Arrowheads.

Arrowheads.
Steel points.
Today there is a wide choice of steel for use on broadhead points, such as 1040 to 1095 annealed spring steel. (what is the difference? The last two numbers denote the carbon content of the steel: ie, 1the 1095 has over twice the carbon content of 1040 and should hold a sharper edge.)

Alternatives.
Alternatively blades can be made from old saw blades, large bad saw blades, spring steel, annealed steel, stainless steel, copper, brass, aluminium - anything that can hold a sharpened edge, but at the same time is strong enough not to fold or bend on impact. Cutting the material is the next problem. Commercial broadheads are cut on machine/hand operated shears. Some materials can be cut with metal cutters but will tend to make the edge concave on one side convex on the other. For this reason the 2.5 inch layout will allow up to twenty percent loss of the blade during straightening, heat treating, and sharpening, the broadhead to a point. A standard bench grinder and file will shape the blank and bevel the edge. When making steel blades, be sure all shaping and beveling is totally finished before heat treatment. Heat the blade to an orange colour, applying heat to both sides to help prevent warping. Quench the blade immediately in heattreating oil such as motor oil. (If the carbon steel sparks, you are over heating the material. Once treated, the steel will be very hard. Use a file to cut across the edge of the point and gauge the temper of the steel. If the file will not cut, the edge of the point may be too hard and brittle. The broadhead can be re-heated until an orange colour again, but this time air cooled. Which will soften the steel.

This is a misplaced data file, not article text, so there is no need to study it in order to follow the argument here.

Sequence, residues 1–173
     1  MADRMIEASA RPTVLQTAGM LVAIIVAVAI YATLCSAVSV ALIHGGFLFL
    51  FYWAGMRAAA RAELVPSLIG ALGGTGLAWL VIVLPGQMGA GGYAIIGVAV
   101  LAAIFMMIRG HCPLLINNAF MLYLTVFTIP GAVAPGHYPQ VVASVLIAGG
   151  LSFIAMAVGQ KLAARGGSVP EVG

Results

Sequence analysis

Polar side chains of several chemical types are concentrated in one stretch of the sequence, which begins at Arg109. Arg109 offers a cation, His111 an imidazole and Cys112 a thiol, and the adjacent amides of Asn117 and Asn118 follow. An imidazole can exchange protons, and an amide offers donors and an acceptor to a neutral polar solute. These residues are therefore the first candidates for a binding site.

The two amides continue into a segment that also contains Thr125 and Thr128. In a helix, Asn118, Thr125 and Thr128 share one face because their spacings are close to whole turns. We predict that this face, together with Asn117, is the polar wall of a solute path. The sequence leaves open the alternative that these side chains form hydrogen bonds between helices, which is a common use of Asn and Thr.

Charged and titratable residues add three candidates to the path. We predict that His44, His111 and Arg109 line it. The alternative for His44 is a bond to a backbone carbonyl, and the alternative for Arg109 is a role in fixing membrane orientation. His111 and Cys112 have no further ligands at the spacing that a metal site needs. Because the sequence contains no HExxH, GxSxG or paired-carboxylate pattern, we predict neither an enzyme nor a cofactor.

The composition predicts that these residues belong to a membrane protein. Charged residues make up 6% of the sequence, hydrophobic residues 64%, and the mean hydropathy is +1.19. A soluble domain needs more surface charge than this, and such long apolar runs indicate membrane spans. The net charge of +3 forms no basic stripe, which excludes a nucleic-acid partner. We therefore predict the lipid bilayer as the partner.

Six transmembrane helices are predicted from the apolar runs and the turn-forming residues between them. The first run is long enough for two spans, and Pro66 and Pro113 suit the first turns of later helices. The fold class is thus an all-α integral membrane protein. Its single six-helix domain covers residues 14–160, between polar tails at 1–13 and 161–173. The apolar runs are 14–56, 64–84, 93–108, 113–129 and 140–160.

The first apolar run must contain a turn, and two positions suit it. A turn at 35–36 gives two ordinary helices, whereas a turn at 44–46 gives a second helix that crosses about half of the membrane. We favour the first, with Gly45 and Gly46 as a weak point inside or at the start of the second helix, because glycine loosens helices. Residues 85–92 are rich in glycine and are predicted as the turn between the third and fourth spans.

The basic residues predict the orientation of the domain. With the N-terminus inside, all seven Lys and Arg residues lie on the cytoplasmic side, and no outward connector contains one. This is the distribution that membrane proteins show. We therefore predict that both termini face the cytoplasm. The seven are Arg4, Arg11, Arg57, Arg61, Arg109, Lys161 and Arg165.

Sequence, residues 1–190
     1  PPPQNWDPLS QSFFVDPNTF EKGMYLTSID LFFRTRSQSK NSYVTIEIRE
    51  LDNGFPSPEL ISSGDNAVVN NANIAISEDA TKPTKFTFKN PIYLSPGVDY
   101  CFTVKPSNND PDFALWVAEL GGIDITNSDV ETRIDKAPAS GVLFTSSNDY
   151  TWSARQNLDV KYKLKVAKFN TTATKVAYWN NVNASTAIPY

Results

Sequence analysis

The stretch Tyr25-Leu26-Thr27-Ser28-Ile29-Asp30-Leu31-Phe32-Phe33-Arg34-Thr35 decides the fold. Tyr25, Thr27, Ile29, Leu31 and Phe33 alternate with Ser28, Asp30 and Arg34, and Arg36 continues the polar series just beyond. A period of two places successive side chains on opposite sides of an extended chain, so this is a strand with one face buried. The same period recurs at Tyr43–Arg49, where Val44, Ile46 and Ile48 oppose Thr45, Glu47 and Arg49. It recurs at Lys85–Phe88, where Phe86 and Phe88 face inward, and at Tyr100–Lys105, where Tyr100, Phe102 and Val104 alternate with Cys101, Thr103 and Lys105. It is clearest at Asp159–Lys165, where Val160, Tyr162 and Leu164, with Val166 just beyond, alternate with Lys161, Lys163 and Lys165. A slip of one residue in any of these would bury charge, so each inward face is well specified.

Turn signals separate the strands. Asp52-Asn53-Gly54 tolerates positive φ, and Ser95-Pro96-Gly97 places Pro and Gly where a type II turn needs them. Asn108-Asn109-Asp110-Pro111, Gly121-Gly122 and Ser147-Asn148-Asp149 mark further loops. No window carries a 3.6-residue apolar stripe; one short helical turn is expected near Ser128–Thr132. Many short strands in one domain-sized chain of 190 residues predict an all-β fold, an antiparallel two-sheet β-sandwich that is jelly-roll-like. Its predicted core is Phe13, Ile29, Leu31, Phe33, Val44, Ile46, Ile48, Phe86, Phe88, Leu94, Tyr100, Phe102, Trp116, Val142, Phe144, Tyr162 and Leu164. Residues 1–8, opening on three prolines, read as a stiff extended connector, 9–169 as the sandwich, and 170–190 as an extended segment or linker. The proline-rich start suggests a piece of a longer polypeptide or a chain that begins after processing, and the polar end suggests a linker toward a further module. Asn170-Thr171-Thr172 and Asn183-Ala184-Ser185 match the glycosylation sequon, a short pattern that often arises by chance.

Blade designs.

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Arrowheads.

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Arrowheads.

Securing the broadhead
Below two methods for securing broadheads to the arrow shaft. A metal ferrule (left) supports the shaft and prevents splitting upon impact. Wrapping the point's tang with wire or strong cord (right serves the same purpose.

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Arrowheads.

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